Barbarian - Etymology - Semantics


The Oxford English Dictionary defines five meanings of the noun barbarian, including an obsolete Barbary usage.

  • 1. etymologically, A foreigner, one whose language and customs differ from the speaker's.
  • 2. Hist. a. One not a Greek. b. One living outside the pale of the Roman empire and its civilization, applied especially to the northern nations that overthrew them. c. One outside the pale of Christian civilization. d. With the Italians of the Renascence: One of a nation outside of Italy.
  • 3. A rude, wild, uncivilized person. b. Sometimes distinguished from savage (perh. with a glance at 2). c. Applied by the Chinese contemptuously to foreigners.
  • 4. An uncultured person, or one who has no sympathy with literary culture.
  • 5. A native of Barbary. Obs. †b. A Barbary horse. Obs.

The OED barbarous entry summarizes the semantic history. "The sense-development in ancient times was (with the Greeks) ‘foreign, non-Hellenic,’ later ‘outlandish, rude, brutal’; (with the Romans) ‘not Latin nor Greek,’ then ‘pertaining to those outside the Roman empire’; hence ‘uncivilized, uncultured,’ and later ‘non-Christian,’ whence ‘Saracen, heathen’; and generally ‘savage, rude, savagely cruel, inhuman.’"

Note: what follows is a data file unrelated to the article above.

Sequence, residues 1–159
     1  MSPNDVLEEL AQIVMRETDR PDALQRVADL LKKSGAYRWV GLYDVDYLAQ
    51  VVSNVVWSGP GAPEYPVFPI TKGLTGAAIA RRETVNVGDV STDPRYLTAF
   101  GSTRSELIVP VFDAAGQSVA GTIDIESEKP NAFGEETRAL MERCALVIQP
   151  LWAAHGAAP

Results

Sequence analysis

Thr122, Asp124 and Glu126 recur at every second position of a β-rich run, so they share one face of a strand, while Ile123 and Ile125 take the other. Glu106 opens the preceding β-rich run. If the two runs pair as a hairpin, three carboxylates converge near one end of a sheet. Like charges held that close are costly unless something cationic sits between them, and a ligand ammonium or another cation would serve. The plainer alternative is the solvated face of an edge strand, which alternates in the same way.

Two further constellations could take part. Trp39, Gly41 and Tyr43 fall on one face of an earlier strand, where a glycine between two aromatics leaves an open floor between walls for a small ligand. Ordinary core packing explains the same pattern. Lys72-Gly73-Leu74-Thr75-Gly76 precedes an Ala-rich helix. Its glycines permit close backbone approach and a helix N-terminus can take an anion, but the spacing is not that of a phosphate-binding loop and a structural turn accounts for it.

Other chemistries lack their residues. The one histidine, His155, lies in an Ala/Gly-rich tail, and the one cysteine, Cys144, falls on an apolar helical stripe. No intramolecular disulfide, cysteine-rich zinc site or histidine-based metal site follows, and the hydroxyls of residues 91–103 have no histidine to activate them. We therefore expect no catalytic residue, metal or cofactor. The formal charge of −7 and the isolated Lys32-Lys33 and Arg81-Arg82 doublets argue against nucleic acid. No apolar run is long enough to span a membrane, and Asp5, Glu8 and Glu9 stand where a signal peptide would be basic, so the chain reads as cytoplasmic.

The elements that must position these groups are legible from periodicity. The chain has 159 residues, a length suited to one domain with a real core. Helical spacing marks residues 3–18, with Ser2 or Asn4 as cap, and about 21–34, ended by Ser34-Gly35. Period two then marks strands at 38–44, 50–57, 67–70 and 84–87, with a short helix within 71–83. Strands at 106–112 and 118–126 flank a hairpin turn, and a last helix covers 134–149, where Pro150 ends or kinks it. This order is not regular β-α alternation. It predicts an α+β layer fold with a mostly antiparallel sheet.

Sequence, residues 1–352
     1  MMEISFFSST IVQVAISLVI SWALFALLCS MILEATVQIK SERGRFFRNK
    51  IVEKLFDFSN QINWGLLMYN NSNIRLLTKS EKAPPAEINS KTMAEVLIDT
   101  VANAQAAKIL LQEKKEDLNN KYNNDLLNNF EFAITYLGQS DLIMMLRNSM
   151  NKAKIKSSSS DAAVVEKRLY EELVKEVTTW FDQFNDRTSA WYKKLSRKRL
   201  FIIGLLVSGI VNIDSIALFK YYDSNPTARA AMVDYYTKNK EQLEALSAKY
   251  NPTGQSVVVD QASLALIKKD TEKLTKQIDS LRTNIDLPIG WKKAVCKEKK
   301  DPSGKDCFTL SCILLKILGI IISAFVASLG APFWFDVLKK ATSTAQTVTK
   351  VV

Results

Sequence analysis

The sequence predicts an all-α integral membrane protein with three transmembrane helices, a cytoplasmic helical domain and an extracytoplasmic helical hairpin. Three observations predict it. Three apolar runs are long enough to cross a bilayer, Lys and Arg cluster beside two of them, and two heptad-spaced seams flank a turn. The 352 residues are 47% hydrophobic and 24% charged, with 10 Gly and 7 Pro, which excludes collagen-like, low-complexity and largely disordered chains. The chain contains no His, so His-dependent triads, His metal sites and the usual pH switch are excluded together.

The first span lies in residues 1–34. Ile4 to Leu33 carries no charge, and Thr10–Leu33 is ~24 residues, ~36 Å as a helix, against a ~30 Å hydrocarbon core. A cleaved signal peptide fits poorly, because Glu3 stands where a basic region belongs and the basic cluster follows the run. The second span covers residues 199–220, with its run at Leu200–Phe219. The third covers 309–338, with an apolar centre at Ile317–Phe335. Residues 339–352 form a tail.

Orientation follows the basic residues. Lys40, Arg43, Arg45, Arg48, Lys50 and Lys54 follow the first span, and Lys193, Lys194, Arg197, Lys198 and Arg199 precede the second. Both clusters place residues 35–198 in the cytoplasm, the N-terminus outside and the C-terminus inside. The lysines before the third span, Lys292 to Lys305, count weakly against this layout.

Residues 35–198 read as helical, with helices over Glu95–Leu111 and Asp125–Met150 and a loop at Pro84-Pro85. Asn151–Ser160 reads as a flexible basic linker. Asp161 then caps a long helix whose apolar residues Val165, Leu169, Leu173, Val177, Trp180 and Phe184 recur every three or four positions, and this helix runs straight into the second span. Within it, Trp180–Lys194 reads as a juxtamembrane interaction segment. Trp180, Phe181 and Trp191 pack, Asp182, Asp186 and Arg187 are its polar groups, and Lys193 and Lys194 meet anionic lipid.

Going against scholarly tradition, the historian Christopher I. Beckwith hypothesizes that "barbarian" only properly refers to Greco-Roman contexts and should not be used for Central Eurasian peoples. He summarizes, "the word barbarian embodies a complex European cultural construct, a generic pejorative term for a 'powerful foreigner with uncouth, uncivilized, nonurban culture who was militarily skilled and somewhat heroic, but inclines to violence and cruelty' – yet not a 'savage' or a 'wild man'." Beckwith also criticizes the Chinese language, which has several exonyms commonly translated as "barbarian" (see below). "There is also no single native word for "foreigner", no matter how pejorative, which includes the complex of the notions 'inability to speak Chinese', 'militarily skilled', 'fierce/cruel to enemies', and 'non-Chinese in culture'." However, the above OED entry controverts both Beckwith's complex barbarian definition and his claim that Chinese lacks "barbarian" words. Definition 3c, "Applied by the Chinese contemptuously to foreigners", cites the Treaty of Tientsin prohibiting the Chinese from calling the British "Yi" 夷 "barbarians." Linguistics differentiates between objective description of language usages and subjective prescription of which usages are considered proper or politically correct. Modern dictionaries like the OED descriptively record how English is used; individuals like Beckwith prescriptively opine how it should be used.

Read more about this topic:  Barbarian, Etymology

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